A Task force has been set up within the external Development Assistance Committee's (DAC) Evaluation Network to help coordinate impact evaluation efforts among the DAC members. As described by the DFID Aid Effectiveness newsletter, "The task force initially plans to complete two activities: (a) production of good practice guidelines for impact evaluation that all donors can use and (b) a web-based database of impact evaluation studies produced by donors and multi-laterals."
Implementation Science: A New Focus For NIH's Fogarty International Center
The US National Institute of Health's Fogarty International Center recently announced that it will add "implementation science" to its strategic plan. Similar to impact evaluation, NIH defines implementation science as "research to develop and test effective and efficient methods, strategies and models for completion of research-tested health interventions." One example of implementation research provided in the IFC publication, Global Health Matters (pdf), is a study that adapts a successful developed country intervention to a developing country setting.
US Legislation Incorporates Provision for Rigorous Evaluation
US Senator Feingold recently introduced legislation (pdf) in Congress that would require rigorous evaluations of publicly-sponsored activities to prevent and reduce crime in public housing. Importantly, the legislation sets aside a share of program funds for such evaluations. It recommended that random assignment methods be used where appropriate to produce "scientifically-valid knowledge." The Coalition for Evidence-Based Policy helped make this possible with its continued advocacy for better evidence in domestic policymaking.
- "Evaluation Bias and Incentive Structures in Bi- and Multilateral Aid Agencies" in Review of Development Economics discusses the disincentives agencies face that lead to a critical lack of more rigorous impact evaluation.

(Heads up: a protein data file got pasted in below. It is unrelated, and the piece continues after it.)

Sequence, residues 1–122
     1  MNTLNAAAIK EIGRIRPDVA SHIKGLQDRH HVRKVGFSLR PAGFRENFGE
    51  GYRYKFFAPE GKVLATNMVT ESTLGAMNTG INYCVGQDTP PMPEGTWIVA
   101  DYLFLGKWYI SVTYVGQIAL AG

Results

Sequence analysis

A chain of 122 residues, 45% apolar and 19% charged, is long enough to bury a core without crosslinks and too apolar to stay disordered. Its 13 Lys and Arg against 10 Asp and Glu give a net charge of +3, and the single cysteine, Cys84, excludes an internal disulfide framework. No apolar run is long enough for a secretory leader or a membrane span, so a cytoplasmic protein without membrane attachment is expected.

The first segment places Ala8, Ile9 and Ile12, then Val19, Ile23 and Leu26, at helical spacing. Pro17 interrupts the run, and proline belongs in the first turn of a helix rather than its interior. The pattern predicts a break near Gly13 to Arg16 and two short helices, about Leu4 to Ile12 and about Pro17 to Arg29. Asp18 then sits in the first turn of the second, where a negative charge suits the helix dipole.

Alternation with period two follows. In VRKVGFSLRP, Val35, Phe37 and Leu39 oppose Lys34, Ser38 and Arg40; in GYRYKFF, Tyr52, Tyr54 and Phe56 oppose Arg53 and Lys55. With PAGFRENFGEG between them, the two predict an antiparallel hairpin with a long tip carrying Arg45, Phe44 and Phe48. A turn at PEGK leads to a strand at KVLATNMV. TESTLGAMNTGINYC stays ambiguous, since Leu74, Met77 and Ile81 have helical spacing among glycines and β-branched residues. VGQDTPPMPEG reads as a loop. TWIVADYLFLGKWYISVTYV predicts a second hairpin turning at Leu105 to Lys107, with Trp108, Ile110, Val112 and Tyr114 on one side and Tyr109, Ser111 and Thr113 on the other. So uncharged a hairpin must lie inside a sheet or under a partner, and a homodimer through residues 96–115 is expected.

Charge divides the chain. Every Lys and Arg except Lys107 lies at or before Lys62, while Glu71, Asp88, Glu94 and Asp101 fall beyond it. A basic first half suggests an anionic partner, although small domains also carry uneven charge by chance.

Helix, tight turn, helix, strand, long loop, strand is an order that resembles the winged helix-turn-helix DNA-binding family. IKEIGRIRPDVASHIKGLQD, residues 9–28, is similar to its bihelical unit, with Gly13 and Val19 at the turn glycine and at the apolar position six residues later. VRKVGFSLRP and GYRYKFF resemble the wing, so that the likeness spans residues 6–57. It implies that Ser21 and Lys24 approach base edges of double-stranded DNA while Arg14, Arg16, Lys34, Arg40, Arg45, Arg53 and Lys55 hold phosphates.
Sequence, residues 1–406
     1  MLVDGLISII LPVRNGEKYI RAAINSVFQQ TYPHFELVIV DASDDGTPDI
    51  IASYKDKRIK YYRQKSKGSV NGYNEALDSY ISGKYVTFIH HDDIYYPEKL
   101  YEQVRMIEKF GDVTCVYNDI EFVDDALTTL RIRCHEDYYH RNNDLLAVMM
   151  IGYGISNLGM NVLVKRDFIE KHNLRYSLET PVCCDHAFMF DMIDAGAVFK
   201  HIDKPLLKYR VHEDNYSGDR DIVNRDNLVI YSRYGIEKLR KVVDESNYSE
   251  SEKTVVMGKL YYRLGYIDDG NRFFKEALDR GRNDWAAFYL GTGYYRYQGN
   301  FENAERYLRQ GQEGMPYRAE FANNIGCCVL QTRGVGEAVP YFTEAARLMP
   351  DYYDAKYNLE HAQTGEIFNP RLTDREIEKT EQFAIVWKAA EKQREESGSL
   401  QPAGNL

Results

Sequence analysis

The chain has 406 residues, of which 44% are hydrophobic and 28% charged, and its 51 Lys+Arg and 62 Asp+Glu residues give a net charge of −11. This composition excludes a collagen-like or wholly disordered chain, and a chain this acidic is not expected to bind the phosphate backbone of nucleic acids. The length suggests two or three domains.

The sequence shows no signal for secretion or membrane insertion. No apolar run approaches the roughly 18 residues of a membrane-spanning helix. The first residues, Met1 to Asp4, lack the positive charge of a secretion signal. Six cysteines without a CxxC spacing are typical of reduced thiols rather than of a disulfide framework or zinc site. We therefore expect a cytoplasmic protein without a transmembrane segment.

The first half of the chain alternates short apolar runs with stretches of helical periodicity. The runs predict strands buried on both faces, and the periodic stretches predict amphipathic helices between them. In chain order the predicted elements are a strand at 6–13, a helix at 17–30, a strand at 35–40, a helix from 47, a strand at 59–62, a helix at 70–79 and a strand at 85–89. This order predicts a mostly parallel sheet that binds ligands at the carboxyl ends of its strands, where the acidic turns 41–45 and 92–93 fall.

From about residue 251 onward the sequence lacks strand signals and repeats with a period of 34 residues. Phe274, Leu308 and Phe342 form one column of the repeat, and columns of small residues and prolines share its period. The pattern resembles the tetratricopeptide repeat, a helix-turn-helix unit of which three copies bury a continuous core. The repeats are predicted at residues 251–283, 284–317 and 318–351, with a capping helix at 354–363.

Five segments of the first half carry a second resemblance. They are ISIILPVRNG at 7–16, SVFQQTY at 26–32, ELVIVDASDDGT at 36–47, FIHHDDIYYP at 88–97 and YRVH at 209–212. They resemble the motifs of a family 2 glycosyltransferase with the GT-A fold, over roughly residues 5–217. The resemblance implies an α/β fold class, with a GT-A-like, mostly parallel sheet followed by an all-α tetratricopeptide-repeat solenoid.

- "Mitigating Myths about Policy Effectiveness: Evaluation of Mexico's Antipoverty and Human Resource Investment Program" by Jere Behrman and Emmanual Skoufias provides a comprehensive history of the acclaimed impact evaluation of the Mexican conditional cash transfer program, PROGRESA.
- The Abdul Latif Jameel Poverty Action Lab (J-PAL) will hold its third annual course on Evaluating Social Programs using randomized trials which is designed to provide participants with the necessary knowledge and training to measure the impact of poverty programs in developing and advanced countries. Taught by experts with extensive experience evaluating programs in the field, the course will be held May 29--Saturday June 2, 2007 in Cambridge, Massachusetts. The program fee is $3,950 and a limited number of scholarships are available. The application deadline is March 15, 2007 and March 1, 2007 for scholarship applications.
- In Two more challenges for Mr. Wolfowitz, Nancy Birdsall cites more and better independent impact evaluation as a key challenge facing the World Bank and other development agencies.
- In Economics Not So Dismal But a Tool for Solving Real World Problems, Nancy Birdsall applauds CGD non-resident fellow Dean Karlan for his path-breaking work that rigorously evaluates microfinance programs and successfully informs policy with new evidence.
If you have news or highlights to share in future mailings, please send them to Jessica Gottlieb (firstname.lastname@example.org).
Thanks and regards,
Director of Programs and Senior Fellow
Center for Global Development